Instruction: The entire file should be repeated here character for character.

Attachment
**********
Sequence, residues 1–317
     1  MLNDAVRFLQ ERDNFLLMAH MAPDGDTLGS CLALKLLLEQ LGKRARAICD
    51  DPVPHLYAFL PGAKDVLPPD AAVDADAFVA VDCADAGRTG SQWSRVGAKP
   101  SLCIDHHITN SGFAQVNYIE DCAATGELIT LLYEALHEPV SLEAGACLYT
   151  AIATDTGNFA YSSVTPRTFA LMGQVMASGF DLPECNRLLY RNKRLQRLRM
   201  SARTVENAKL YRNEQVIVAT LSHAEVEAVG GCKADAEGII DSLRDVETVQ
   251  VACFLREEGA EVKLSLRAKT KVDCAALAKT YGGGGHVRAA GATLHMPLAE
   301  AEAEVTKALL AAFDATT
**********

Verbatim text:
Sequence, residues 1–317
     1  MLNDAVRFLQ ERDNFLLMAH MAPDGDTLGS CLALKLLLEQ LGKRARAICD
    51  DPVPHLYAFL PGAKDVLPPD AAVDADAFVA VDCADAGRTG SQWSRVGAKP
   101  SLCIDHHITN SGFAQVNYIE DCAATGELIT LLYEALHEPV SLEAGACLYT
   151  AIATDTGNFA YSSVTPRTFA LMGQVMASGF DLPECNRLLY RNKRLQRLRM
   201  SARTVENAKL YRNEQVIVAT LSHAEVEAVG GCKADAEGII DSLRDVETVQ
   251  VACFLREEGA EVKLSLRAKT KVDCAALAKT YGGGGHVRAA GATLHMPLAE
   301  AEAEVTKALL AAFDATT